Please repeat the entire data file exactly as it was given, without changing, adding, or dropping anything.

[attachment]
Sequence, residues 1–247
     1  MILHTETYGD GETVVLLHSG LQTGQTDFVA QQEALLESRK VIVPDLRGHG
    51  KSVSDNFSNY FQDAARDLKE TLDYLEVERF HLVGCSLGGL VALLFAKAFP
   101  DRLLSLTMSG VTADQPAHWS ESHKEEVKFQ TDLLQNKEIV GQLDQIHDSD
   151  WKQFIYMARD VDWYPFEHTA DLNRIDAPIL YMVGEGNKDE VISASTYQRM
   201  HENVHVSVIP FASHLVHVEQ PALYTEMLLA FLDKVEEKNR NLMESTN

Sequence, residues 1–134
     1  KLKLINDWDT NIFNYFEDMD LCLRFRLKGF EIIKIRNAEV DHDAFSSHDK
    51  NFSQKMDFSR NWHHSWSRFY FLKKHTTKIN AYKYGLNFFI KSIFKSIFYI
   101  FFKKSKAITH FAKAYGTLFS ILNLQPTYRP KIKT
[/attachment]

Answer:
Sequence, residues 1–247
     1  MILHTETYGD GETVVLLHSG LQTGQTDFVA QQEALLESRK VIVPDLRGHG
    51  KSVSDNFSNY FQDAARDLKE TLDYLEVERF HLVGCSLGGL VALLFAKAFP
   101  DRLLSLTMSG VTADQPAHWS ESHKEEVKFQ TDLLQNKEIV GQLDQIHDSD
   151  WKQFIYMARD VDWYPFEHTA DLNRIDAPIL YMVGEGNKDE VISASTYQRM
   201  HENVHVSVIP FASHLVHVEQ PALYTEMLLA FLDKVEEKNR NLMESTN

Sequence, residues 1–134
     1  KLKLINDWDT NIFNYFEDMD LCLRFRLKGF EIIKIRNAEV DHDAFSSHDK
    51  NFSQKMDFSR NWHHSWSRFY FLKKHTTKIN AYKYGLNFFI KSIFKSIFYI
   101  FFKKSKAITH FAKAYGTLFS ILNLQPTYRP KIKT